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About Author: Tandora Grant

Posts by Tandora Grant

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The Winding Road of Red-listing Reptiles

A young adult male headstarted Jamaican iguana is tagged for short-term tracking after release in the Hellshire Hills.

One of the iguanas I have worked closely with is found only on Grand Cayman in the Caribbean. When I first started collaborating with the Blue Iguana Recovery Program in 1998, the species’ numbers had declined to less than 25 in the wild, and they were classified as critically endangered. But what is the difference between “endangered” and “critically endangered” or “vulnerable”? We’ve all heard the terms, but what do they mean exactly?

The world’s definitive standard on these terms comes from the International Union for Conservation of Nature (IUCN), the largest global environmental organization and professional conservation network. The IUCN developed the Red List of Threatened Species, which is the most comprehensive database of the conservation status of plant and animal species worldwide. This database documents a species’ biology, research, threats, human use, and conservation needs and actions, all of which are evaluated against a defined set of criteria to determine risk of extinction. Government agencies, educators, conservation-based nongovernmental organizations, scientists, and others use the IUCN Red List to obtain information on the status of biodiversity, species, and ecosystems. This information is often used to enhance research, create national and international laws, and draw attention to global conservation needs and set priorities.

Tandora stands at the visitor educational sign in front of the headstart facility at the Hope Zoo in Kingston, Jamaica, where iguanas are raised until they are big enough to defend themselves against predators after release. Photo credit: Jaclyn Woods.

Scientific experts for each species provide data and analysis to the Red List database. When complete, the accounts are reviewed by two evaluators to ensure they conform to consistency standards. As program officer for the IUCN Iguana Specialist Group, I have been working with our members to bring existing assessments up to date and generate new entries for species that have not yet been evaluated. Progress on this huge task has been great: we have completed 19 assessments so far and have 40 more to do.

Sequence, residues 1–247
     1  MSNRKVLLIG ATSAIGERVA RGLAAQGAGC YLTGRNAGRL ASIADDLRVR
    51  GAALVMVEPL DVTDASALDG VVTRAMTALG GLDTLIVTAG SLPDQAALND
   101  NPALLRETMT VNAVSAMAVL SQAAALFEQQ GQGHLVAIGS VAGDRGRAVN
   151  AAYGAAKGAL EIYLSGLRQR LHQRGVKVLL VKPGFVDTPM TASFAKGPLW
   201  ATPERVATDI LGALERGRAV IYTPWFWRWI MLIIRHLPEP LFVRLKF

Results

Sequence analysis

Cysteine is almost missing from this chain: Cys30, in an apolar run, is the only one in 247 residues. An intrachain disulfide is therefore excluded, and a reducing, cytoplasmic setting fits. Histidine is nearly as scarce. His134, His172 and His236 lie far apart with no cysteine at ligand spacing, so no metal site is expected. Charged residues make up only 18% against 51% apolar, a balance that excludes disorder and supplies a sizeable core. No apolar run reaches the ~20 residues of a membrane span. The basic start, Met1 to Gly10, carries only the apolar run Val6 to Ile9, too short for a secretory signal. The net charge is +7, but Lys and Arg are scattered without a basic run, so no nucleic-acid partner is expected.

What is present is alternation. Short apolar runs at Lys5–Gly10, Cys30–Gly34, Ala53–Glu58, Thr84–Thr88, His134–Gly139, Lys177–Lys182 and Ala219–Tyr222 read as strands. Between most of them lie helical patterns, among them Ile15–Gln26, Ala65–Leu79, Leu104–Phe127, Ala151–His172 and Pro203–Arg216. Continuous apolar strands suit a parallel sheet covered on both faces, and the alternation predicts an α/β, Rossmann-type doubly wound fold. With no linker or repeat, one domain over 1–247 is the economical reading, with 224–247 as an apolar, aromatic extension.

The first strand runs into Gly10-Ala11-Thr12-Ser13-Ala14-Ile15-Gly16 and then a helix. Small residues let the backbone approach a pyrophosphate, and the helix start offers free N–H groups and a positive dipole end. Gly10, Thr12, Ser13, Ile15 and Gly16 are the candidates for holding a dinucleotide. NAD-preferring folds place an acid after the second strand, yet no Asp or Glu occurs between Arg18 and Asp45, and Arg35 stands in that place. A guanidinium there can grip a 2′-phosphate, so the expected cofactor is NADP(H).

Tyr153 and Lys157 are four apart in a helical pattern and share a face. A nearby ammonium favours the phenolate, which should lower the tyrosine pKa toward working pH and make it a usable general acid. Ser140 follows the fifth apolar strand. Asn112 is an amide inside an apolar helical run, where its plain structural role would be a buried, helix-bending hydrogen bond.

The process begins by gathering all known data on each iguana species; for example, how many eggs they lay and how often, the number of years it takes to reach sexual maturity, and how long they live. This information can help determine the number of years between generations and predict rates of growth or decline in the future. We also characterize the habitat and calculate land-usage patterns by the iguanas where they live. All known threats are classified and scored by severity, scope, and timing, and whether they are subject to human trade or use. Lastly, we outline what conservation and research actions are currently in place for the iguanas and where there are deficiencies that need to be addressed.

We double-check the sex of a Jamaican iguana right before release to the Hellshire Hills. Also in this photo is Byron Wilson, University of West Indies, who is head of the field component for the recovery project. Photo credit: Jaclyn Woods

Once all the data has been discussed, we turn to the IUCN’s defined set of criteria for determining the level of extinction risk, if any. Species can be endangered for different reasons. If they only occur in a very small area, a single catastrophic event can wipe them out. Or, they might still be found in several locations but are all experiencing a new and dramatic threat. Even a widespread species that appears numerous might be declining at a low level where the number of deaths is greater than the number of births.

We developed a Species Recovery Plan to outline necessary action steps, including improving care and reproduction at the small breeding facility, protecting habitat, educating the public about controlling pet dogs, and stressing the value of the iguana to the health of the forest and ecosystem. To date, we have released over 750 iguanas to three protected reserves. Because their numbers are now increasing, I am happy to report we have just published a new Red List assessment that down-lists this iguana to Endangered status! This significant milestone is certainly a morale booster for all the folks who work tirelessly to save iguanas. We can make a difference!